Anxiety and Depression

ANXIETY AND DEPRESSION

Background History

Sidney is 62 years old with a first episode of agitated depression. He recently retired from work as a mechanic as he felt that he could not keep up with the pace of work. He lives with his wife in their own property and has four grown up children and two grandchildren. Sidney’s wife continues to work and as a consequence Sidney spent much of the day at home with little structure to his day. He did not know what to do with his time and felt hopeless about the future. Sidney had been depressed for about 18 months prior to his retirement although he had not sought medical help until after he retired.

Reason For Referral

Sidney was referred to occupational therapy by his Psychiatrist to try and ascertain the reason for his decline in functional skills. It was felt that occupational therapy intervention would help aid his recovery.

Occupational Therapy Assessment

Sidney’s occupational therapy assessment was undertaken using a variety of standardised and non-standardised tools. These included formal assessments such as the Assessment of Motor and Processing Skills (AMPS) and more informal interviews with both Sidney and his wife.

This assessment identified that:-

  • Sidney’s depression and anxiety were having a significant impact on his processing skills – his process scores on the AMPS were significantly below the level expected for someone of Sidney’s age;
  • As Sidney’s depression was largely untreated towards the end of his career it was likely that his process skills deficits were impacting on his role as a mechanic leading to his decision to retire. Sidney described feeling that he had lost his role in life and wished he had not retired so early;
  • Sidney’s previous difficulties in his work environment had led him to doubt his abilities in all tasks so he had stopped engaging in activities he previously enjoyed for fear he would make a mistake. He had also begun to question the safety of work he had undertaken in the past and catastrophise about the consequences of his “poor workmanship" - for example he got a plumber to come and check the safety and quality of some plumbing he had installed a few years previously;
  • Sidney’s wife would try and prompt Sidney to engage in tasks by writing a long list before she went out but he would feel overwhelmed and unable to engage and she in turn would become frustrated on her return home;
  • Sidney’s lack of occupation was having a significant impact on his recovery and levels of hopelessness.

Occupational Therapy Treatment Plan

Sidney was offered an Occupational Therapy programme consisting of 12 weekly sessions focussing on:-

  • Completing an interest checklist – identifying past interests and identifying activities he had considered but never tried;
  • Introducing Sidney to the function of goal setting and the purpose of setting achievable realistic goals;
  • Acceptance of his current situation and commitment to trying new roles/experiences;
  • Agreeing a structured plan for his week with a balance of work, self care and leisure tasks;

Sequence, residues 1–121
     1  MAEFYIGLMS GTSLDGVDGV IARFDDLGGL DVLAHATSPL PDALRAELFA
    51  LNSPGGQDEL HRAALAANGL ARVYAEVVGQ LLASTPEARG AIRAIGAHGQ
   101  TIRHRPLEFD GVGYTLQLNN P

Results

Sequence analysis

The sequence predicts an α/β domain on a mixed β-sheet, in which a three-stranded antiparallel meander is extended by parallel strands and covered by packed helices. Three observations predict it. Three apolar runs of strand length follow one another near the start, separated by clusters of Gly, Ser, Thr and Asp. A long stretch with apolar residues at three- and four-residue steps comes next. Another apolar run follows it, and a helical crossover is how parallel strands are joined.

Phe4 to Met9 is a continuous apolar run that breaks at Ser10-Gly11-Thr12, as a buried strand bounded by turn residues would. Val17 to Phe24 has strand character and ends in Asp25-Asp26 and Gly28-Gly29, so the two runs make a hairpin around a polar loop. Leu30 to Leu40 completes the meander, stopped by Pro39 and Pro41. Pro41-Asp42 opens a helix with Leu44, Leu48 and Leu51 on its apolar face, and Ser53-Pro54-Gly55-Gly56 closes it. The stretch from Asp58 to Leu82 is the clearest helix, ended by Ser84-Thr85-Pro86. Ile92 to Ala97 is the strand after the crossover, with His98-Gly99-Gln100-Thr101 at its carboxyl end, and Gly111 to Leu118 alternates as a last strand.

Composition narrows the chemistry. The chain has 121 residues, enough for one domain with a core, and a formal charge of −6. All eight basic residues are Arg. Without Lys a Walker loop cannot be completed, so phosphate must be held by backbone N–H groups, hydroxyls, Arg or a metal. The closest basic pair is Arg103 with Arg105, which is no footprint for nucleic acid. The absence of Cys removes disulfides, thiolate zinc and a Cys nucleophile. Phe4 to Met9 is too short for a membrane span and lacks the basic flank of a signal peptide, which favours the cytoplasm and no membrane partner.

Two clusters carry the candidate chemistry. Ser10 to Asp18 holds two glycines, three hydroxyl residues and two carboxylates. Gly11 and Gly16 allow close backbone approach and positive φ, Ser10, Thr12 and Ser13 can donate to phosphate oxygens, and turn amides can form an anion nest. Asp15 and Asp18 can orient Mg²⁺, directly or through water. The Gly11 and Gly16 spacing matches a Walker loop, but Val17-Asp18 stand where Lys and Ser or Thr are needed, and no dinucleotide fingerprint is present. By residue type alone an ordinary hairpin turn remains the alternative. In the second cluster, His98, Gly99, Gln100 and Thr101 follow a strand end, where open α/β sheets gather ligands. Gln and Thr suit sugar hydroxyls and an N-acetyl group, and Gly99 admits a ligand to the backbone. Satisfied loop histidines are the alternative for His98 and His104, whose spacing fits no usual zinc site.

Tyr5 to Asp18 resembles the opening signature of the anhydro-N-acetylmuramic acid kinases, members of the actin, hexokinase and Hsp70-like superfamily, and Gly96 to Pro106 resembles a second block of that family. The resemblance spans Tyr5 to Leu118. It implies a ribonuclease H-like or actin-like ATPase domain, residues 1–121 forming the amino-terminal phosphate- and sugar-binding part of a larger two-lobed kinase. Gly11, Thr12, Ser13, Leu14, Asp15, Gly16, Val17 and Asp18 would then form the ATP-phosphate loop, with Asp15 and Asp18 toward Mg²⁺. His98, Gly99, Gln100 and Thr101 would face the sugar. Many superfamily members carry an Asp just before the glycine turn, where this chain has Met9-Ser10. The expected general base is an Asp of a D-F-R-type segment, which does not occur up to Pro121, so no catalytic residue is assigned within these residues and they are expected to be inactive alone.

• Working alongside his wife to identify ways for her to help Sidney in his recovery by introducing the idea of only focusing on one task at the time and setting realistic goals;
  • Working on a relapse prevention plan to enhance his recovery and wellness in the future.

Outcome

On completion of his occupational therapy programme Sidney was able to:-

  • Significantly increase his activities of daily living in a purposeful, structured and graded way - he had arranged saxophone lessons to regain his confidence as this was an instrument he had been very accomplished at playing in the past and this in turn led him to rejoin the band he had left the year before. He has also started swimming twice a week;
  • Improve his motor and process skills through his engagement in more activities and the consequent improvement in his mood and motivation. A reassessment with the AMPS at the end of his programme showed a marked improvement in his attention and sequencing process skills;
  • Redefine himself in the role of grandparent/homemaker taking more responsibility in tasks around the house and rediscovering his love of cooking;
  • Understand the principle of goal setting and able to set himself ongoing goals;
  • Identify and successfully interview for a voluntary work opportunity where he could put his skills to use in helping others;
  • Acknowledge that he had hope and goals for the future.

About Kate Meads Associates

Here at Kate Meads Associates we work with success in mind. We are a friendly team based in Andover, Hampshire with a highly skilled team of Occupational Therapists and Physiotherapists working throughout the UK.

We work to the highest standards of practice and aim to improve the lives of clients for the long-term.

Members of

  • Vocational Rehabilitation Association
  • International Disability Management Standards Council
  • Health & Care Professions Council
  • Health & Care Professions Council
  • British Association of Brain University Case Managers
  • British Association of Brain University Case Managers